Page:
If you live in the United States, it is highly likely that the tap water you use is enriched with fluoride, a substance that helps prevent tooth decay. However, due to concerns that fluoridated water may increase the risk of other diseases, the capital city of Alaska stopped this practice. What happened?
Most regions of the U.S. and some other countries across the world add specific quantities of fluoride to their community water supplies.
They do this because fluoride can effectively prevent or, in some cases, reverse the formation of tooth cavities. Fluoride promotes the remineralization of teeth, strengthening their enamel and thus helping them fight off the bacteria that cause decay.
For this same reason, most types of toothpaste and many mouthwash products contain some fluoride. However, ingested fluorideTrusted Source tends to accumulate in our bones, which has led some people to worry that drinking fluoridated water might increase the risk of various health problems. These include cancer, particularly osteosarcoma, which is a type of cancer that starts in the bones.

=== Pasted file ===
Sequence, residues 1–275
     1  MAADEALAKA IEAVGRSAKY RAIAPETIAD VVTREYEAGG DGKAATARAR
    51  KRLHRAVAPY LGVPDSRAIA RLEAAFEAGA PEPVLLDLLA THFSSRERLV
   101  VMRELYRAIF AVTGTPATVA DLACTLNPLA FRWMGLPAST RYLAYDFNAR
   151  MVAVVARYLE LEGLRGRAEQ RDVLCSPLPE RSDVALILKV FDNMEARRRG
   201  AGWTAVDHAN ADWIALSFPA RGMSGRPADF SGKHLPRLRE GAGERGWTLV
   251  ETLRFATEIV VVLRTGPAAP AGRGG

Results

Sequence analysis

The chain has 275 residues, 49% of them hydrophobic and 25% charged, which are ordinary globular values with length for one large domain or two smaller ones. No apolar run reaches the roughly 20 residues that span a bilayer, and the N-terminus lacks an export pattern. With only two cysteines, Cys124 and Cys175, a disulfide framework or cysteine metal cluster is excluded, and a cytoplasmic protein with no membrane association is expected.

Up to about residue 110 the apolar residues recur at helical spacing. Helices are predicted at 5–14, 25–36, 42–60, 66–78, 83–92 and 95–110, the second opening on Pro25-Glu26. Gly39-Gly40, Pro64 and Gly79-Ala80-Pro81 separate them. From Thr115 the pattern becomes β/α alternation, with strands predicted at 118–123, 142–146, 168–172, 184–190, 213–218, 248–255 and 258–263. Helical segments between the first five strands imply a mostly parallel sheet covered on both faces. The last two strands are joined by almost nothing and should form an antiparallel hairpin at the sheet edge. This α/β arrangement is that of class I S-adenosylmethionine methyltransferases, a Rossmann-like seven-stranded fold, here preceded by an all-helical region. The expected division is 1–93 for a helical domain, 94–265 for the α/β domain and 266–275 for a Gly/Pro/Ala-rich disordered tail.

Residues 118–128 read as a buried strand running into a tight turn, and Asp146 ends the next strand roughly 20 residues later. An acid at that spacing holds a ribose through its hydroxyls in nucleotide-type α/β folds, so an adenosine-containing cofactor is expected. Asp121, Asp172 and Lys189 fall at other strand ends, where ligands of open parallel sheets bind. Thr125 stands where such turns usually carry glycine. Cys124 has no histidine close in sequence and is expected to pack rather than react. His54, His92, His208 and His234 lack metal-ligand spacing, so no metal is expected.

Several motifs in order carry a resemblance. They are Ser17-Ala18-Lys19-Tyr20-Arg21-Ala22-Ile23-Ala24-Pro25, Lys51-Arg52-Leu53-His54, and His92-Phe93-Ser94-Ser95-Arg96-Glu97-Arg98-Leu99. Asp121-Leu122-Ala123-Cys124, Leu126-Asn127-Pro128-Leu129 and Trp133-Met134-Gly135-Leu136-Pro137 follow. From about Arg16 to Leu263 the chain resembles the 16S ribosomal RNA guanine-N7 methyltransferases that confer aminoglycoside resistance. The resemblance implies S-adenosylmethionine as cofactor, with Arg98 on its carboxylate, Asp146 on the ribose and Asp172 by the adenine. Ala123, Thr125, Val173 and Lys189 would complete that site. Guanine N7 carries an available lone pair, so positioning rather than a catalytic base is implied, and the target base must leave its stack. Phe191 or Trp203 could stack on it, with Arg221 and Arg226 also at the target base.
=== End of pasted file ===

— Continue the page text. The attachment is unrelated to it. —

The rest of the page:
Such concerns led the City Assembly of Juneau to direct the cessation of fluoridation of community water in their area, with effect from 2007.
In a new study that the journal BMC Oral Health recently published, a research team from the College of Health Sciences at Walden University in Minneapolis, MN, and the College of Health at the University of Alaska Anchorage has investigated the effects of this decision on the oral health of the young inhabitants of Juneau.
Increase in requests for dental care
The research team, which Jennifer Meyer from the University of Alaska Anchorage led, looked at the dental records of all the children and adolescents in Juneau who accessed dental health services through Medicaid during 2003 and 2012.
Meyer and colleagues deemed 2003 an “optimal community water fluoridation year,” and they analyzed the dental claims of 853 children and teenagers aged up to 18 years who received dental care that year.
The researchers compared this data with that of 1,052 children and adolescents who received dental care in 2012, 5 years after the City Assembly of Juneau had voted for the cessation of community water fluoridation.
Data analysis revealed that, as the study authors write, “the mean number of caries-related procedures for the 0- to 18-year-old age groups was significantly higher” in the 2012 treatment group, when community water no longer contained fluoride, than in the 2003 group, before the decision to end water fluoridation.
More specifically, “the odds of a child or adolescent undergoing a dental caries procedure in 2003 was 25.2 [percent] less than that of a child or adolescent in ,” the study authors explain.
This suggests that the added fluoride did have a protective effect on oral health, which is missing now that community water supplies no longer go through the fluoridation process.